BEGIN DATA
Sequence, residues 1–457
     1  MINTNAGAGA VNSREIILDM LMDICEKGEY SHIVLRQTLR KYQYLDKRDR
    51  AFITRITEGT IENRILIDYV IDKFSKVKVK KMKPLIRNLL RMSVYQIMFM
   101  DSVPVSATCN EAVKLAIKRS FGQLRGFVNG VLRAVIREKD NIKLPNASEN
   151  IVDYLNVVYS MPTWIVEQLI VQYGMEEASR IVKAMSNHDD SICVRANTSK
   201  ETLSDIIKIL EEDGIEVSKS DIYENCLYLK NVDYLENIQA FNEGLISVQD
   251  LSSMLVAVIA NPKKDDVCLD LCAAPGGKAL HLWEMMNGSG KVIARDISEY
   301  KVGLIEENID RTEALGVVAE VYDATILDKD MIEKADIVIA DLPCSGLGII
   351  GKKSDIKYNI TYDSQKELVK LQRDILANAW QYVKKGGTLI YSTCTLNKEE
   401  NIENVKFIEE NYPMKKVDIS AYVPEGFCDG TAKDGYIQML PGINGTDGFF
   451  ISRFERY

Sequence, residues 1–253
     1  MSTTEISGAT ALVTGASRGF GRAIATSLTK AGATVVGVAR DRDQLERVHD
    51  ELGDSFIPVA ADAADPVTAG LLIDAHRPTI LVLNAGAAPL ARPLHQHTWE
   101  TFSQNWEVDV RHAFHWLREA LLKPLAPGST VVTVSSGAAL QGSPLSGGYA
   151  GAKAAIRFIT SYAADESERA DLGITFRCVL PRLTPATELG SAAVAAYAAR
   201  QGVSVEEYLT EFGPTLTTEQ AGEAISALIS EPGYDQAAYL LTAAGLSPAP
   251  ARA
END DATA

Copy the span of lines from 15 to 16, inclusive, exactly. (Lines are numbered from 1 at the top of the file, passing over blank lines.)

   101  TFSQNWEVDV RHAFHWLREA LLKPLAPGST VVTVSSGAAL QGSPLSGGYA
   151  GAKAAIRFIT SYAADESERA DLGITFRCVL PRLTPATELG SAAVAAYAAR